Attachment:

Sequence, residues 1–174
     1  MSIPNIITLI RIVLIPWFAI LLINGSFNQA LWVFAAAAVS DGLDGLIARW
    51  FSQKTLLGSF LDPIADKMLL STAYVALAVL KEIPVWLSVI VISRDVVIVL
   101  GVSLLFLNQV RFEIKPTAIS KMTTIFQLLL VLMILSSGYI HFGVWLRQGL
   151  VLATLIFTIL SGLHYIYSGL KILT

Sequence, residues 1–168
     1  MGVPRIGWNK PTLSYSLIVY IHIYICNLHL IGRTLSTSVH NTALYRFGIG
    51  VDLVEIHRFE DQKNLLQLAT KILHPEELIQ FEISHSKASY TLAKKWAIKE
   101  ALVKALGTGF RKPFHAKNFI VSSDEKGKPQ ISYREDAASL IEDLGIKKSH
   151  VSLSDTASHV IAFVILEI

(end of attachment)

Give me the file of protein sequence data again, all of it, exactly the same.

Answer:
Sequence, residues 1–174
     1  MSIPNIITLI RIVLIPWFAI LLINGSFNQA LWVFAAAAVS DGLDGLIARW
    51  FSQKTLLGSF LDPIADKMLL STAYVALAVL KEIPVWLSVI VISRDVVIVL
   101  GVSLLFLNQV RFEIKPTAIS KMTTIFQLLL VLMILSSGYI HFGVWLRQGL
   151  VLATLIFTIL SGLHYIYSGL KILT

Sequence, residues 1–168
     1  MGVPRIGWNK PTLSYSLIVY IHIYICNLHL IGRTLSTSVH NTALYRFGIG
    51  VDLVEIHRFE DQKNLLQLAT KILHPEELIQ FEISHSKASY TLAKKWAIKE
   101  ALVKALGTGF RKPFHAKNFI VSSDEKGKPQ ISYREDAASL IEDLGIKKSH
   151  VSLSDTASHV IAFVILEI